Amid complaints of private hospitals charging exorbitant rates to COVID-19 patients in the state, the West Bengal Clinical Establishment Regulatory Commission on Saturday directed the hospitals to reduce bed cost to pre-COVID charges and offer a 10 per cent discount on medicines.
The commission also asked the hospitals to cap consultation fee to ₹1,000 per visit and a maximum of ₹2,000 for more than one visit.
"We came to know that amid the pandemic, hospitals have increased charges. So, we have advised them to stick to bed charges billed on or before March 1," a member of the commission was quoted as saying by PTI.
Following complaints and a maximum of ₹2,000 for more than one visit and were handing over exorbitant medical bills, the panel held a meeting at New Town Club. After the meeting, the 12-member commission said that a three-member committee would review the need for pathological tests.
"The hospitals should either provide a 10 per cent discount on drugs or allow patient parties to purchase medicines from outside. Most of the medicine shops provide a 20 per cent discount," the senior member added.
Furthermore, the Commission asked the private hospitals to provide a 20 per cent discount on cotton, syringe and bandage to in-house patients, the member added.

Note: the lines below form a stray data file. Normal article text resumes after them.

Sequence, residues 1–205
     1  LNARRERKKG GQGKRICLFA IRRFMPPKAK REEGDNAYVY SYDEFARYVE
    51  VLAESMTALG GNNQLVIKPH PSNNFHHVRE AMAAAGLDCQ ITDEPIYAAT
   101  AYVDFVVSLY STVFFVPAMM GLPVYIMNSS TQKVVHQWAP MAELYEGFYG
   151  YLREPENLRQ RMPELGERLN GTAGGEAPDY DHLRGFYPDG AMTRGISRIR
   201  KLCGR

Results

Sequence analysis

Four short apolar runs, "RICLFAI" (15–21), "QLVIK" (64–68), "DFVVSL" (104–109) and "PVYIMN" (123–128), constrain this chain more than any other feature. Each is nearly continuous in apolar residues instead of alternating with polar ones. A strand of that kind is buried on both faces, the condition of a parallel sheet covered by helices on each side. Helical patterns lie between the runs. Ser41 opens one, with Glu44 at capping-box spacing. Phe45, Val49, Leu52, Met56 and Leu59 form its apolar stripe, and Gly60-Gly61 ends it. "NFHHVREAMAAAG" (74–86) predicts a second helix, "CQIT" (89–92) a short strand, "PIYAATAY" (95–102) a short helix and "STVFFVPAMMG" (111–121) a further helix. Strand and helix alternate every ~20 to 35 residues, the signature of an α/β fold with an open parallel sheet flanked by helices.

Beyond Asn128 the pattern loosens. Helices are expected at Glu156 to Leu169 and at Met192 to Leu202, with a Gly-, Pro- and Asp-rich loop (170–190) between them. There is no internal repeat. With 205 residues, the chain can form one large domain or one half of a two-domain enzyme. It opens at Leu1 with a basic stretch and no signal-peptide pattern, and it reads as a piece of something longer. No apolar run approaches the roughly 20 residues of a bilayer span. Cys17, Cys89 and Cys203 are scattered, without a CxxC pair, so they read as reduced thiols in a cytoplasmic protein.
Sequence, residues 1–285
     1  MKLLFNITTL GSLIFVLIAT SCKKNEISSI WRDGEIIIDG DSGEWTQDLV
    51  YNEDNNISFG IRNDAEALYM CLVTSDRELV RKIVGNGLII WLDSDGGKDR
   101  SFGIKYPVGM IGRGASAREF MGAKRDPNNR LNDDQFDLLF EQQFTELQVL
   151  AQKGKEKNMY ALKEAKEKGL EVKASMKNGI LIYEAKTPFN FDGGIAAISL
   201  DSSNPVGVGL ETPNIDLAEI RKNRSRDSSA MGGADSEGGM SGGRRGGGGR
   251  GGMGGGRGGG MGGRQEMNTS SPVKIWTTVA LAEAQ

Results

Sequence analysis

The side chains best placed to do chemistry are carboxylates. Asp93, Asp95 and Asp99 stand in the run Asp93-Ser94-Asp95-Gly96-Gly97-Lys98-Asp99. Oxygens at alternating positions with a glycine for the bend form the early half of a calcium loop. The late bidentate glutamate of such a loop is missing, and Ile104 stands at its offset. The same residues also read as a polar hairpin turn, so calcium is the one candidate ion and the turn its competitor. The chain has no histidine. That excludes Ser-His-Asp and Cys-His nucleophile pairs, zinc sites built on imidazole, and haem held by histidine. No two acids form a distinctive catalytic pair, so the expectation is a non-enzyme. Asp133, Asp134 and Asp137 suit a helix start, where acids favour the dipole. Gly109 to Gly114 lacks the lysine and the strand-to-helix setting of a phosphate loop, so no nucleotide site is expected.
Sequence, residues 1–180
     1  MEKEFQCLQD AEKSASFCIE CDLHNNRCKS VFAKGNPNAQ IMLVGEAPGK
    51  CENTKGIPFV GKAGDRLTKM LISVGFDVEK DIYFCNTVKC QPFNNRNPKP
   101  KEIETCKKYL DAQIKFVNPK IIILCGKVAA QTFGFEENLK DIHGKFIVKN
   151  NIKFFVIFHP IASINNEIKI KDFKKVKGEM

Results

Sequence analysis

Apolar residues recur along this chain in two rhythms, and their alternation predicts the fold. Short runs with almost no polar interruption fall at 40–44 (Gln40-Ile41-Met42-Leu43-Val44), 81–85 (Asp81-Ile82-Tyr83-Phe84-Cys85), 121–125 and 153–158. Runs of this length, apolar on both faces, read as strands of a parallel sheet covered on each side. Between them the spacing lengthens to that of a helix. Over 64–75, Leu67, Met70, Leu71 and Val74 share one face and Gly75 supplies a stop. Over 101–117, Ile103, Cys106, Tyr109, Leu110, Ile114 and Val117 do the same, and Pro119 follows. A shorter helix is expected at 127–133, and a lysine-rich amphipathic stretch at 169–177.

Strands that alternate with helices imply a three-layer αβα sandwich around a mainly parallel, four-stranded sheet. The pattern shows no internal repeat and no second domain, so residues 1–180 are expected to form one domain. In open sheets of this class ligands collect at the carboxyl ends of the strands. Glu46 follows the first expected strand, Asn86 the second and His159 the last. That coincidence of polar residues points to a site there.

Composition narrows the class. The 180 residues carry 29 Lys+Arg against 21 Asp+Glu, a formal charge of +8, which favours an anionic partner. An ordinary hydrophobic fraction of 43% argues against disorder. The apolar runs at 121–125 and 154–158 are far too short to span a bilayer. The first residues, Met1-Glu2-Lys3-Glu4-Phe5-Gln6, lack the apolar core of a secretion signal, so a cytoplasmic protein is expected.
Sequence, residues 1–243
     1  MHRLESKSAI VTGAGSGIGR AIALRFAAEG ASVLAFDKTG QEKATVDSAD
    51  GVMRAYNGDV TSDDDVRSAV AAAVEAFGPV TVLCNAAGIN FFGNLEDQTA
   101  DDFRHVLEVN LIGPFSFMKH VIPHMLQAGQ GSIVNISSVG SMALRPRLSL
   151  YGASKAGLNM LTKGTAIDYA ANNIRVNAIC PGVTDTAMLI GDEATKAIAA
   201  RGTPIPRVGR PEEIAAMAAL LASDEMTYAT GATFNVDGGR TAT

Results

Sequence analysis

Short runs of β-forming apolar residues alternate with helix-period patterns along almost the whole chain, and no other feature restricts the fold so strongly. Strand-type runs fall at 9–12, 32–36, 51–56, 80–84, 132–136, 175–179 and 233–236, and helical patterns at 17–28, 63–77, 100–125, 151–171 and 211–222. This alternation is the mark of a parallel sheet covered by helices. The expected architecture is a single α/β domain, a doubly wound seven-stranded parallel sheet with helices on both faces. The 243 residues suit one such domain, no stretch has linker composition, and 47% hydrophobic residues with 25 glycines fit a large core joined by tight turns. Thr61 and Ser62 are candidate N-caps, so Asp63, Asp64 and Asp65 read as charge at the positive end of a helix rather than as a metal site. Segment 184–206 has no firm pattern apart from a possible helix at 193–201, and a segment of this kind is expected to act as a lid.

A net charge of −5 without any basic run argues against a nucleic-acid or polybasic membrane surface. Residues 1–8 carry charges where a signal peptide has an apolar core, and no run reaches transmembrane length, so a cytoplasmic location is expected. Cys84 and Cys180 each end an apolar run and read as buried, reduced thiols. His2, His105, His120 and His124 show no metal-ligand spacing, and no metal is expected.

In addition to this, the Commission has asked the private hospitals to not deny admission to any patients under any circumstances during the pandemic, even if the patients are unable to deposit an advance payment. The hospitals are also required to display the charges of all forms of treatment at the reception.
"We have requested the Commission for some time to discuss internally and also to share some more clarity," Rupak Barua, Association of Hospitals of Eastern India President, meanwhile, said.
Denying that hospitals increased bed charges after the onset of the pandemic, Barua said that rates are reviewed at the end of every financial year.
"Factoring in inflation, rates are revised, on an average not more than 5-10 per cent. This comes into effect from April 1 every year. The same was done this year too. As for incidents of overbilling of COVID patients are concerned, those should be treated like stray incidents and not standard practice," he said.